Update - Sep. 15, 2010: Ontario announces a narcotics strategy, introducing legislation (Bill 101 - passed into law Nov. 29, 2010) to monitor prescription narcotics and other controlled substances to curb the abuse of addictive painkillers. So if the province is addressing the problem, why should injured workers be subject to special and arbitrary rules?
As part of the WCB/WSIB Narcotics Strategy, effective February 16, 2010, following a new injury or recurrence, the Board will restrict the allowance of long-acting narcotic drugs for injured/ill workers when milder drugs could be effective.
Pain control is left to the injured worker to resolve
Under this strategy, if a long-acting narcotic painkiller is prescribed within the first 12 weeks, the Board will deny approval, neither contacting the doctor nor offering an alternative treatment.
Who do you trust for your medical care, the WCB/WSIB or your doctor?
The College of Physicians and Surgeons of Ontario states the patient's best interests must always be the doctor's main concern and that " the prescribing physician needs to have a full understanding of the patient's health status" (CPSO Policy 2-05: Prescribing practices)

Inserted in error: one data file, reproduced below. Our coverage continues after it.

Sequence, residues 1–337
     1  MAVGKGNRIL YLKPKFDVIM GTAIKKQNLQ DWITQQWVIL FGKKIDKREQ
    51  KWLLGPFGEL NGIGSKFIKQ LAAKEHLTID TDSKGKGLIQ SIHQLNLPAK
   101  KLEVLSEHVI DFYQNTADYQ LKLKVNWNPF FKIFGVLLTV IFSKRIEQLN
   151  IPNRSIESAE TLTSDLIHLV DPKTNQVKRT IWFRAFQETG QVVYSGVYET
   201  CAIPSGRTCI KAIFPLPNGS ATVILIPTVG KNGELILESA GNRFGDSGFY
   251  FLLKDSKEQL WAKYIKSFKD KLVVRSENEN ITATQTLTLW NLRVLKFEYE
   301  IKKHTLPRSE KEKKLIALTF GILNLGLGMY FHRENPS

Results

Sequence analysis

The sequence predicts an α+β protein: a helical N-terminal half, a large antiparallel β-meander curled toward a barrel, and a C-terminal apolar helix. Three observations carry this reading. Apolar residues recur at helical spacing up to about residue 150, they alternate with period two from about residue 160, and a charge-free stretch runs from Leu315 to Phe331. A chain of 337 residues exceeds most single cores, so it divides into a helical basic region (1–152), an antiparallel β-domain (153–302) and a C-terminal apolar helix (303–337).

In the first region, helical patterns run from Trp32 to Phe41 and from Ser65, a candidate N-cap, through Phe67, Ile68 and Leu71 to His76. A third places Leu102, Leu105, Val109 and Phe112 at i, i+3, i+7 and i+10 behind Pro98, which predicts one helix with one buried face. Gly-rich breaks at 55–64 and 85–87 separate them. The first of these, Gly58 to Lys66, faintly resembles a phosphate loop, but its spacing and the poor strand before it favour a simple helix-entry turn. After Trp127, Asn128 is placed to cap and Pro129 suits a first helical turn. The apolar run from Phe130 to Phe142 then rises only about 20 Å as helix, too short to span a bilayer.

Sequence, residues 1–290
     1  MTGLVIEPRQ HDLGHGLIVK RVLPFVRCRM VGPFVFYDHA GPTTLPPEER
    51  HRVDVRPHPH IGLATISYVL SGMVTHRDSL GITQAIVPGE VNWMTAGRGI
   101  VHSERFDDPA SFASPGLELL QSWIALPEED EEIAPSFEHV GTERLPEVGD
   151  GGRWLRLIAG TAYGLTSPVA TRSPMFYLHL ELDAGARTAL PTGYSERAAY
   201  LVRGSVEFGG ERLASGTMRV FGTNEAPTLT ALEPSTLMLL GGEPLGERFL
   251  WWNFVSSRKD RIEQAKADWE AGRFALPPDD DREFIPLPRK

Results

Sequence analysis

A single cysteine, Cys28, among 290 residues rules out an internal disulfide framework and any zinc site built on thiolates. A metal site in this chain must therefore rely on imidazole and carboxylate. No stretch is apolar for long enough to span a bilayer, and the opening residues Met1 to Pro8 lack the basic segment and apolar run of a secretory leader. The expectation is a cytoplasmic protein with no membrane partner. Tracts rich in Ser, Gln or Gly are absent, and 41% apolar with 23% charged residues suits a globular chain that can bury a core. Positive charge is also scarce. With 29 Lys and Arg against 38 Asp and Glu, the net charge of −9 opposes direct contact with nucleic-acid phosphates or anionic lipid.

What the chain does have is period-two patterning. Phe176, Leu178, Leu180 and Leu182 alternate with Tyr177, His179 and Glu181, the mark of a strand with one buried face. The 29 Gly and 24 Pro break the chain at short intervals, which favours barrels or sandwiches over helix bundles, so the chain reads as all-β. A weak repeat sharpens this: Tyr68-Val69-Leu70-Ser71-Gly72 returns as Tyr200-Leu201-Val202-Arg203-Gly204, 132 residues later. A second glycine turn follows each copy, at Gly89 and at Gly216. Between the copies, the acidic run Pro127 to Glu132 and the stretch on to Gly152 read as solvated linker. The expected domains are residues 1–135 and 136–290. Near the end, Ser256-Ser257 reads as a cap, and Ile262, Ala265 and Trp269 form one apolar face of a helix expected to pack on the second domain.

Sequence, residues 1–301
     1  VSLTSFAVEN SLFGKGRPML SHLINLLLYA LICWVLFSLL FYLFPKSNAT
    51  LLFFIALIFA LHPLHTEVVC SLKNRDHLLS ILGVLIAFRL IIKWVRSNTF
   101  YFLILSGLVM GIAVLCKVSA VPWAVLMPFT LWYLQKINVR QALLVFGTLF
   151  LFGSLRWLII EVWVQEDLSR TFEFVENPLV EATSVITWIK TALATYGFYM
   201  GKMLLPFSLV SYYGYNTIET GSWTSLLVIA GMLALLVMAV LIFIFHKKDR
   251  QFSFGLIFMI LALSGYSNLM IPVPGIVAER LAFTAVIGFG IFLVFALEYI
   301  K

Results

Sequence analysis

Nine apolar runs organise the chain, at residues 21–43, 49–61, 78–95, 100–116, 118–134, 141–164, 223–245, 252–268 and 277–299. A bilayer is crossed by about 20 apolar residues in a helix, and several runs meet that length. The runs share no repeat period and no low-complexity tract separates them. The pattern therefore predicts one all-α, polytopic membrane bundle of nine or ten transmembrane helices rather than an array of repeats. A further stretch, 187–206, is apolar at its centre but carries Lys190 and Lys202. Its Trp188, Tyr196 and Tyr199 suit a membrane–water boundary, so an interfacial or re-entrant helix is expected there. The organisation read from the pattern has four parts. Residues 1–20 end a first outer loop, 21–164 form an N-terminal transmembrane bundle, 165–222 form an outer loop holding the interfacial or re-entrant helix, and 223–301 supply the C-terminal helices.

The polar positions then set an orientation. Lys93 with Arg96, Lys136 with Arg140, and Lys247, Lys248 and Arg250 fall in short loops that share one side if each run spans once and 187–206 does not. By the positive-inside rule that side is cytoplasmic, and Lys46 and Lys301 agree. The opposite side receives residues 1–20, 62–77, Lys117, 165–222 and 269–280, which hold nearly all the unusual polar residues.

So why does the WCB/WSIB want to change your doctor's orders?
The Board claims about narcotics use are alarmist and unfounded. Of course the number of prescriptions goes up every year as thousands of additional claims are accepted every year. And of course you will find a higher rate of use by workers with permanent disabilities compared to all injured workers in general as most injuries are temporary and do not need such medication.
Data from their own 2009 locked-in claims study shows a 62.5% decrease in narcotics cost per claim for workers injured 2001 to 2004 (the most recent data provided). The percentage of lost times claims with narcotics prescriptions for this period has increased only about 2% - insigificant, especially given the lower prescription costs per claim.